The prior days had been filled running around D.C. as my daughter explored college campuses, we darted into the Smithsonian, watched part of the Memorial Day parade, saw and heard roaring Harley’s in town for Rolling Thunder and silently explored memorials.

SCOTUS-morningYesterday morning I went, with my daughter and listserv buddies, into the courthouse. We were escorted as a group to one of the grand conference rooms abutting the courtroom, and we waited. Our guests were then removed and seated in the court’s gallery.

Want to know what the grown-up, lawyer equivalent is to a kid entering a candy store? Yes, it is excitedly waiting to enter the nation’s highest court to be sworn in.

A few minutes later, we were directed in, past the seated gallery, to seats inside the courtroom well —  the same courtroom where my father was sworn in, in 1961, Chief Justice Earl Warren presiding.

In came the justices, at 10:00 a.m. sharp, taking their seats. I scanned the familiar-from-the-news faces. Kagan on my far left with Ginsburg near by, and Sotomayor on the right with Breyer near by. The center was filled with Chief Justice Roberts, flanked by those with seniority, Kennedy and Thomas. Only Alito was missing. And, of course, missing was a seat for any ninth justice.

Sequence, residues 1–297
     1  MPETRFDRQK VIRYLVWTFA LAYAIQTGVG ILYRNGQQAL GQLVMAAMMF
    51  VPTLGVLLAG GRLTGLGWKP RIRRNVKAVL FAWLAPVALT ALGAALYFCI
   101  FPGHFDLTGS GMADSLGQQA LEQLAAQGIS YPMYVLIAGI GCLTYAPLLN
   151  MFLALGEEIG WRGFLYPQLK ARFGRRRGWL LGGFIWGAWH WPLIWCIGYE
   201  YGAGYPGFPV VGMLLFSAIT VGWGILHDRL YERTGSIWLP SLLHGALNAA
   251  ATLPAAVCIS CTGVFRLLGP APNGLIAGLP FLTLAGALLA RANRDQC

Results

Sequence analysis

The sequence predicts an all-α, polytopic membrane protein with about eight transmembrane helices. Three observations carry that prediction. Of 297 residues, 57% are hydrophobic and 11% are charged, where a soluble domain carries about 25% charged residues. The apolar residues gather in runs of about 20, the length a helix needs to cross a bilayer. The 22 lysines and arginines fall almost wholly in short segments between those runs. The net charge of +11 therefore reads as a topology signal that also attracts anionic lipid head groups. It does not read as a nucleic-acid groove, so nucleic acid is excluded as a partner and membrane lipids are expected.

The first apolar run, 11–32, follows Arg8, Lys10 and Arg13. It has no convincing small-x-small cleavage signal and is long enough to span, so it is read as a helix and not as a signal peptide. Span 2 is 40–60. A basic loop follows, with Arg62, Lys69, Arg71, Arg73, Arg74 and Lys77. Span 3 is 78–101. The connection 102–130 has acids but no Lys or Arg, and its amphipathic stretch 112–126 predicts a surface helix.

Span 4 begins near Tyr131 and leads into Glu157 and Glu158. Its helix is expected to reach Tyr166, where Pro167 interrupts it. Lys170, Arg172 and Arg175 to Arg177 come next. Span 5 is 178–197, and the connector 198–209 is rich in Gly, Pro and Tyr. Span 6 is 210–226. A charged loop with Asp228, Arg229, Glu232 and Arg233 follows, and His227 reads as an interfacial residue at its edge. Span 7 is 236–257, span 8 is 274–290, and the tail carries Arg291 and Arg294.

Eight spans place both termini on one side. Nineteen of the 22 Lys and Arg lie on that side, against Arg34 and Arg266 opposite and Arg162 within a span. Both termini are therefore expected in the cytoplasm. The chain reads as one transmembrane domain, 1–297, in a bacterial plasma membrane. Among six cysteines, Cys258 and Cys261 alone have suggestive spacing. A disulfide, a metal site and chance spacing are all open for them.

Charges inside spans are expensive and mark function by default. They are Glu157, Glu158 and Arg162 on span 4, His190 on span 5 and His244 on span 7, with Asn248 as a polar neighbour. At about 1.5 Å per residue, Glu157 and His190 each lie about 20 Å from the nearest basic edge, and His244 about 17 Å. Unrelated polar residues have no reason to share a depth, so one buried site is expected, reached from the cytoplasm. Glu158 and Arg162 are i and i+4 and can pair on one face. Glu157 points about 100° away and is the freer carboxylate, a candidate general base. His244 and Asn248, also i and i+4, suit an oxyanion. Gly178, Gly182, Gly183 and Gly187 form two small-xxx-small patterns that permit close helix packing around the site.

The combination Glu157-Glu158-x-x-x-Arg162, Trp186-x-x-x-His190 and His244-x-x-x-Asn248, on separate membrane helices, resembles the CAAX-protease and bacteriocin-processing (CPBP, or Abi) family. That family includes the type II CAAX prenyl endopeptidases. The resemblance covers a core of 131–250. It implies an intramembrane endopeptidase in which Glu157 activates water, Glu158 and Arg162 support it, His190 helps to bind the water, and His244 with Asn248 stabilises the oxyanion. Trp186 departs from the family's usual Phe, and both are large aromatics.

C.J. Roberts read a decision, from United States Army Corps of Engineers v. Hawkes Co., Inc.,(8-0, with four opinions).

Five minutes later attorneys who were already members of the SCOTUS bar, one after another, rose to address the court and make a motion that their groups of attorneys be admitted.

When our turn came, a somewhat surreal moment occurred, as we were addressed — officially by the highest court in the land — by our jokey listserv name. A group not officially associated with any bar association, university or other formal organization, without any legal structure, dues or secret handshake. Simply a private listserv for those who work in a similar niche of the profession: New York based trial lawyers.